I'm a big fan of Mark Cuban, though I've never met him in person. He's a billionaire entrepreneur, he likes sports, and he's not afraid to take some heat for standing up for his guys (the Dallas Mavericks pro hoops team). I'm pretty sure we would have a fun night out on the town.
However, reading the comments Cuban made about network neutrality to my colleague Jeff Bercovici earlier this week, I can only conclude that Cuban has either completely lost touch with reality or is just shilling for his own company HDNet, which offers all-high-definition TV fare via a slew of providers, including cable TV outfits.
Of course, the idea that Cuban may be slightly "off" is hardly new: He's racked up more fines for wacky behavior than any other NBA owner in league history. One of his own stars once said: "He's got to learn how to control himself as well as the players do." And some of his past pronouncements, such as declaring the death of YouTube in 2006, and the death of the Internet in general in 2007, have proved to be way off the mark.
Cuban made his fortune at the height of the dot-com bubble by selling his company, Broadcast.com, to Yahoo! for $5.9 billion in Yahoo! stock. Since then, he has been an outspoken voice in American culture -- with very mixed results. He once criticized the NBA's manager of officials, Ed T. Rush, saying that Rush "wouldn't be able to manage a Dairy Queen." That earned Cuban a $500,000 fine and a day's work serving ice cream at a Dallas Dairy Queen, after the company protested.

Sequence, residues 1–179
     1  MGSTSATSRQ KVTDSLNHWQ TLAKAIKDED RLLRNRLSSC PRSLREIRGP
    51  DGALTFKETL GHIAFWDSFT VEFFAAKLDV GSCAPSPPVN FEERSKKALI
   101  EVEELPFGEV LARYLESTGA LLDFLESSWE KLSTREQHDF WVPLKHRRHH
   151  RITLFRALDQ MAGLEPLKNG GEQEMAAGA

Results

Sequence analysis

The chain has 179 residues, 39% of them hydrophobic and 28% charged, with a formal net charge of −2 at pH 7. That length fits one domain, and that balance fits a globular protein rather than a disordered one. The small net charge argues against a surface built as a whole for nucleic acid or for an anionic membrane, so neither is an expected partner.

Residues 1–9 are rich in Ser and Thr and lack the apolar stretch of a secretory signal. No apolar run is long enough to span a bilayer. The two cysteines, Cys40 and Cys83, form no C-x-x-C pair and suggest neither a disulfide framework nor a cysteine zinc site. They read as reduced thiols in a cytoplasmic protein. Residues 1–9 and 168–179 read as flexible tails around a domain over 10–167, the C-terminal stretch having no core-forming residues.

During the 2006 NBA playoffs, Cuban cursed out Spurs forward Bruce Bowen and was fined $200,000 by the NBA for rushing onto the court. After the 2006 finals, the league fined Cuban $250,000 for repeated bad behavior following the Mavericks' loss to the Miami Heat in game five. More recently, the NBA fined the billionaire $25,000 for yelling at Denver Nuggets player J.R. Smith during a January game. In March, he apologized after telling the mother of Nuggets forward Kenyon Martin that her son was "a thug."
Cuban's latest pronouncement involves the new FCC broadband policy rules, announced Sept. 21. In a nutshell, he argues that a free and open internet will be "crippled by a glut of live and streaming video, which leaves disgruntled consumers with no other option but to get cable," as MediaPost puts it. Thus, so-called "net neutrality" is a big win for Comcast, the nation's largest cable company, as well as other cable providers.
In response to a question about his comments to Bercovici, Cuban calls his position "pretty straightforward stuff."
"An open net is just that," Cuban wrote in a Facebook message to DailyFinance. (He almost never does phone interviews.) "And if anyone has the expectation of TV over the Internet, an open Internet will kill that expectation."
Read the rest at DailyFinance.com.
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